Now, you all know I love me some horror flicks with the slasher subgenre being my favorite. The films of yore, showing masked maniacs terrorizing teenagers and being defeated at the end by the survivor of the film (yet never truly dying) only to come back in a sequel is very nostalgic to me and something we haven’t seen lately in theatric horror movie releases.
Don’t misunderstand me, there are quite a lot of horror films in the past ten or fifteen years that have been captivating and entertaining. But I’ve just missed that age of cinema where we’d get a slasher flick here and there that was just pure fun and terrifyingly engrossing. Nowadays, we’re just treated to so many haunted tales, like The Conjuring, Insidious, and Annabelle, leaving “Chucky” and “The Creeper” to scare audiences only in direct-to-disc releases.
There’s just something about a masked-killer-movie that gets the blood pumping and gives the audience that point of mystery—especially if the killer is never revealed, only to be resurrected in a follow-up film.
And that’s what I had expected when I first caught a trailer for the 2017 film, Happy Death Day. Seeing the killer stalking around with a butcher knife and wearing a baby-faced mask seemed all too perfect. Add to that, the story seemed to take on a Groundhog Day vibe, where the focal point of the film must relive her demise over and over again…the film seemed to be the faultless amalgamation in making a slasher for the 21st century. I was interested—yet, not that interested to go out and see it in the theater—and when it was available on Netflix, I gave it a looksee.
After a night of hard partying and heavy drinking, self-centered college student, Tree (Jessica Rothe), wakes up on the morning of her birthday with a serious hangover in the dorm of a guy—Carter (Israel Broussard)—whom his name she can’t remember. Within the course of the day, Tree is murdered by some unknown masked assailant and wakes up to start the day all over again. Tree then realizes she’s re-experiencing the day of her murder—always restarting with her waking up in the same dorm with the same situations—and will end only when she discovers her killer’s identity.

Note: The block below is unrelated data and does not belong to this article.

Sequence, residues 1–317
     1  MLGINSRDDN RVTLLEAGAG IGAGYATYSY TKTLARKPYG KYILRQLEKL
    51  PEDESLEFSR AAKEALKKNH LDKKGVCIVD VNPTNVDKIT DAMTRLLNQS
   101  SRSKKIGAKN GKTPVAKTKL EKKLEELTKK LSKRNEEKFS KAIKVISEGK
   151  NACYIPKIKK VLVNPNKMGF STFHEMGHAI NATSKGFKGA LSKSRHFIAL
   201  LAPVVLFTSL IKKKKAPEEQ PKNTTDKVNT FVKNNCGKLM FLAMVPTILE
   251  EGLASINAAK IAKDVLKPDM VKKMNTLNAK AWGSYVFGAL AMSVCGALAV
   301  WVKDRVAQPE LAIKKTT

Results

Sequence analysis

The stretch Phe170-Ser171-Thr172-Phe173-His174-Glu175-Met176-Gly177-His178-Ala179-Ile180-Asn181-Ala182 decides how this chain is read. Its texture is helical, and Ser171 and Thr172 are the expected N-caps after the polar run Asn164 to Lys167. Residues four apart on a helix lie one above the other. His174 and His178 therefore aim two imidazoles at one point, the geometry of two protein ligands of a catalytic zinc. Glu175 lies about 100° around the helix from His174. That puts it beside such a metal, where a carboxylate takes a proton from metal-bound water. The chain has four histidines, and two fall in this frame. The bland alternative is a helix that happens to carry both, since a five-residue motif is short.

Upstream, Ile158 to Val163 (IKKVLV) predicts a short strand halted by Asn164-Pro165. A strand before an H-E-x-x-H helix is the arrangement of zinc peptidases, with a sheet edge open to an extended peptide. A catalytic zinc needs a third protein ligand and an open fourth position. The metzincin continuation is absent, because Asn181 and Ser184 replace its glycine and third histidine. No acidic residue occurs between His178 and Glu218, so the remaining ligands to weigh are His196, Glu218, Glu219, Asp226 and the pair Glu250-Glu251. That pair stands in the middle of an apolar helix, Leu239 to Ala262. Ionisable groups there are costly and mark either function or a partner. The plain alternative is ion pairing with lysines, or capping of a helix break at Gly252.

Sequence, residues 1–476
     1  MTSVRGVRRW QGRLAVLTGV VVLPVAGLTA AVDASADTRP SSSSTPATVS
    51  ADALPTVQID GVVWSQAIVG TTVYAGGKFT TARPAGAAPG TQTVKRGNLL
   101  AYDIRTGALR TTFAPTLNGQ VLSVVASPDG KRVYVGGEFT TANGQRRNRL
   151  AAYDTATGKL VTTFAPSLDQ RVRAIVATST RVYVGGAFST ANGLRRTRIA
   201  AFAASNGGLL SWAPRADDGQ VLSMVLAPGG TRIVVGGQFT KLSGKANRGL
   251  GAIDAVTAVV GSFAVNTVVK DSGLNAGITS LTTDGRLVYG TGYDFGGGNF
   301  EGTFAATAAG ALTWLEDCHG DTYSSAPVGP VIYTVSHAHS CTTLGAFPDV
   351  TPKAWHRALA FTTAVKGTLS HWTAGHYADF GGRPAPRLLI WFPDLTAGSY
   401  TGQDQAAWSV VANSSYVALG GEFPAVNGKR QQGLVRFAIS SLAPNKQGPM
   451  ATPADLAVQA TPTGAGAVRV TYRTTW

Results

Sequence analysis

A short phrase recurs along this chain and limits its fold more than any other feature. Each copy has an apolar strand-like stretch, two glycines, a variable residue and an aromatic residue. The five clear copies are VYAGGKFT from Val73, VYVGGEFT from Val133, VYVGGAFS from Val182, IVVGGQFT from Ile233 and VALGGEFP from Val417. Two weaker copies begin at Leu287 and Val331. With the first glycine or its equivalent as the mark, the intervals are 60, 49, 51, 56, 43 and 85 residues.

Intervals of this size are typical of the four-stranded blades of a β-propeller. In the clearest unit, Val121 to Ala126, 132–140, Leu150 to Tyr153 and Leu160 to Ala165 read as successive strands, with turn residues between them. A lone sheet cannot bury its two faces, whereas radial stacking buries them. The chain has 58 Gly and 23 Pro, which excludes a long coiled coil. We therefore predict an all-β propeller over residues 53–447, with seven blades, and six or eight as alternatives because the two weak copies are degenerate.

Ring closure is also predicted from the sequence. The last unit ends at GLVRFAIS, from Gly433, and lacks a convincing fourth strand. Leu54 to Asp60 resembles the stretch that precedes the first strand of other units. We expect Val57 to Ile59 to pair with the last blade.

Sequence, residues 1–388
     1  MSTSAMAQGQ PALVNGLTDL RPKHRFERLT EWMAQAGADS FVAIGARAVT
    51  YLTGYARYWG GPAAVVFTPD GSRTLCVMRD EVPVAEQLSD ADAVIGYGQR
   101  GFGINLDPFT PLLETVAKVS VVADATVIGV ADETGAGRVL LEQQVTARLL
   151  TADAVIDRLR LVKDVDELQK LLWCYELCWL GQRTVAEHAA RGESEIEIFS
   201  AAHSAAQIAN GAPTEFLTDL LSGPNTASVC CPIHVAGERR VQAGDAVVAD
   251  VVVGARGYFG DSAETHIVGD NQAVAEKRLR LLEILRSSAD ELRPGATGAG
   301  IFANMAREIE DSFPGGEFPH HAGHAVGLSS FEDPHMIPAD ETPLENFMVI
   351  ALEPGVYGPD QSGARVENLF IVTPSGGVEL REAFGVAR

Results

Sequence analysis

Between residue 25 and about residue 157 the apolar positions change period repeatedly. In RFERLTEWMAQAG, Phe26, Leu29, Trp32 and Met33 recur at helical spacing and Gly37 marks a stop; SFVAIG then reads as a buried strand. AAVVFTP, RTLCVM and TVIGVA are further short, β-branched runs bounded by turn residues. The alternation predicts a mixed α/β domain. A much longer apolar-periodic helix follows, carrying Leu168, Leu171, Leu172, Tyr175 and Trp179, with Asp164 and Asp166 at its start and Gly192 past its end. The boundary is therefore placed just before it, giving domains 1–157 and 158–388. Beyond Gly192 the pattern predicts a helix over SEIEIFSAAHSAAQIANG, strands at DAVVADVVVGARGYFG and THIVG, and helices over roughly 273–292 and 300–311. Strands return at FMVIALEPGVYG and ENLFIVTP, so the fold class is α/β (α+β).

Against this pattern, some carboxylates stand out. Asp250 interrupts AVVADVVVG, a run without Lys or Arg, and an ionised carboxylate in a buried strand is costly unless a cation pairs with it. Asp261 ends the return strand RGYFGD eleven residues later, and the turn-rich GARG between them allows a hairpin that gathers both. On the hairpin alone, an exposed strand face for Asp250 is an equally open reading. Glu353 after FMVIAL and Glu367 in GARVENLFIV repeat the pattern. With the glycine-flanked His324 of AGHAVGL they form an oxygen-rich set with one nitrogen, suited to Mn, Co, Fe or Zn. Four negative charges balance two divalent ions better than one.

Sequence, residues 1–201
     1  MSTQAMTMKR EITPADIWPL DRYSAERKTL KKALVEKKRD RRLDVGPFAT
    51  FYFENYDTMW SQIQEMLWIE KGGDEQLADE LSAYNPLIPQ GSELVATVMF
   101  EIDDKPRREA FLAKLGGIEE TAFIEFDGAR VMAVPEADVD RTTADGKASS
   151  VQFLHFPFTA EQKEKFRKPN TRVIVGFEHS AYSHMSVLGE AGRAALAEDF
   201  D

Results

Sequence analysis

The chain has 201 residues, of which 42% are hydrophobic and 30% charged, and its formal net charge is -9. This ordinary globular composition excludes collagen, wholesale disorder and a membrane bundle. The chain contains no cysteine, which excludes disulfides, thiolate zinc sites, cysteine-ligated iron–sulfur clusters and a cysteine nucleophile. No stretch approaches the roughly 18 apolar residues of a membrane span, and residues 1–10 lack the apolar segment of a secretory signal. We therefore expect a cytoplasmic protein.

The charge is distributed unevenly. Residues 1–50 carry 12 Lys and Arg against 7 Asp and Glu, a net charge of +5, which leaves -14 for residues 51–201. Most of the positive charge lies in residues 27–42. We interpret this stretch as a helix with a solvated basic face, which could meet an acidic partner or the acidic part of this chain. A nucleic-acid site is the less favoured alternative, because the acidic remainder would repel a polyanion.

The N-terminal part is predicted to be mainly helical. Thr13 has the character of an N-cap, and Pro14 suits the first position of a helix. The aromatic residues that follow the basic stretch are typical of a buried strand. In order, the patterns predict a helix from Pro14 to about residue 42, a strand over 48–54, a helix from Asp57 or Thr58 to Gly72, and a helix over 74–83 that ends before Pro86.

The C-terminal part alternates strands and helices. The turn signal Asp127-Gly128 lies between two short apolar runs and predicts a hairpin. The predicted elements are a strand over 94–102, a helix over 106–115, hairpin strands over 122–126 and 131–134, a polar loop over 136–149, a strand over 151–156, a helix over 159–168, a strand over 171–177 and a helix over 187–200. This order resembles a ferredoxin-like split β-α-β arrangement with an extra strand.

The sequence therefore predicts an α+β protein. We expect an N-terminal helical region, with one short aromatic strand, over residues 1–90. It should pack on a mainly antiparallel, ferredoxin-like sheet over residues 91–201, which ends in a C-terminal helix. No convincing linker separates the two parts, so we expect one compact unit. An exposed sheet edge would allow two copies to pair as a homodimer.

Alone, though, Jessica Rothe seems to really take hold of this part and plays it very naturally, especially the spoiled and bitter college sorority girl. In fact, she plays the part so well, it makes it hard to believe that she could change her ways near the end of this film. At first, she looked familiar, yet I really don’t recognize her from anything else. Looking at her IMDb list of productions, however, she has a list of about 33 acting parts—but nothing I’d ever seen.
The same goes for Israel Broussard, I kept thinking he looked familiar and all through the movie I kept racking my brain as to where I’d seen him before. Glancing through his résumé on IMDb didn’t help much because there was nothing there I’d seen…and it finally hit me—he just reminded me of Hayden Christensen. Perfectly cast as this good kid who decided not to take advantage of the hot girl who he let stay in his dorm room, there was no believable kismet about them when it comes to this flick.
Happy Death Day was directed by Christopher Landon and although he hasn’t directed a slough of films, he’s actually helmed a couple of flicks that had surprised me. In 2014, he directed the Paranormal Activity spinoff, Paranormal Activity: The Marked Ones and the following year had him overseeing the very entertaining Scouts Guide to the Zombie Apocalypse. I can’t say that Landon did anything special with this film, nor can I say he was able to bring out the best in these actors, but the shots were set up nicely and I really couldn’t complain about anything regarding the direction of the film. Writing credit goes to Scott Lobdell and his claim to fame is being the writer of a number of X-Men comic book titles in the 90s. Besides writing the comedic film Man of the House back in 2005, this is probably his biggest theatrical film that he has a credit for writing. Together, these guys really didn’t knock it out of the park, but it was a solid effort.
Even though the plot is similar to Groundhog Day--so you really can’t give the story the recognition for being original—there is one supplement to the plot that I thought was a unique twist to the whole living-out-your-day-over-and-over idea, and that is the little subplot on how the repeated murdering of Tree is taking a toll on her physically. At one point, she passes out and ends up in the ER where the doctor tells her the x-rays show scar tissue and damage from the trauma her body had withstood from the murders she had suffered through. I thought that was a nice touch…though it went nowhere from there after that.
So…what’s my final “bit” on Happy Death Day?
Thanks for reading!